We're starting to get more and more medical info each day. Some of it could alter how the 1st round plays out.
This PT (doctor?) is optimistic but cautious. I don't know anything about him but I'm sure we will hear a ton about this once TM gets drafted. Or if he falls a bunch.
https://twitter.com/pff_fantasy/status/1386334684871761926?s=21PFF Fantasy Football @PFF_Fantasy
Highest career rushing grade among RBs in the 2021 NFL Draft
Najee Harris - 95.9
Javonte Williams - 95.9
Travis Etienne - 95.8
Trey Sermon - 93.2
Highest career rushing grades (CFB):
1. Travis Etienne - 96.7
2. Javonte Williams - 96.3
3. Najee Harris - 96.2
4. Jonathan Taylor - 95.3
5. Kareem Hunt - 95.0
https://twitter.com/andrewsiciliano/status/1386376521665810433?s=21Andrew Siciliano @AndrewSiciliano
I’m tell you there’s a chance (slim) that no deffensive players are taken in the top-10 of the @NFLDraft Thursday night.
It would be a first.
There has NEVER been an @NFL Draft (common era, since 1967) without a defensive player in the top-10.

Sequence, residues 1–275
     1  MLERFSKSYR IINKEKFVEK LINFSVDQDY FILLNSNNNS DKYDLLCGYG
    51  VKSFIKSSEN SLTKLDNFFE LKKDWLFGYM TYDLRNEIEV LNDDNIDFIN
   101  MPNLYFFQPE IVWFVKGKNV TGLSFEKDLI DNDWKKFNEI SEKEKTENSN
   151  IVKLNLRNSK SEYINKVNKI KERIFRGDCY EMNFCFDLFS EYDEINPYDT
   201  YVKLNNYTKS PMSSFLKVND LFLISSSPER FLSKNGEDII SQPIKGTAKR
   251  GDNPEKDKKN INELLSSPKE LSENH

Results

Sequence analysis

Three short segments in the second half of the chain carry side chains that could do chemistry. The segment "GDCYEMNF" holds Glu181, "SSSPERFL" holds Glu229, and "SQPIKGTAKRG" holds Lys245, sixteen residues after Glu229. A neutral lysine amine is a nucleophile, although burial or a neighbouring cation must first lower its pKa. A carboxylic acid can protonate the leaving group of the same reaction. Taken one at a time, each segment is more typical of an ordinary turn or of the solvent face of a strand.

The latest on the quarterback class
There has been plenty of debate about how the top five quarterbacks stack up against each other. At this point, the only true consensus ranking is Trevor Lawrence at No. 1.
Almost all -- not all -- teams have Zach Wilson at No. 2. Then it is all over the board for Mac Jones, Trey Lance and Justin Fields. That doesn't just mean from a team-versus-team standpoint. There are differing opinions within each organization. I've heard that multiple teams have split decisions on rankings, with the team owner preferring one of them, the GM liking another, the head coach leaning another direction and so on. And I've heard all three of Jones, Lance and Fields mentioned as at least a team's No. 3 quarterback in the class.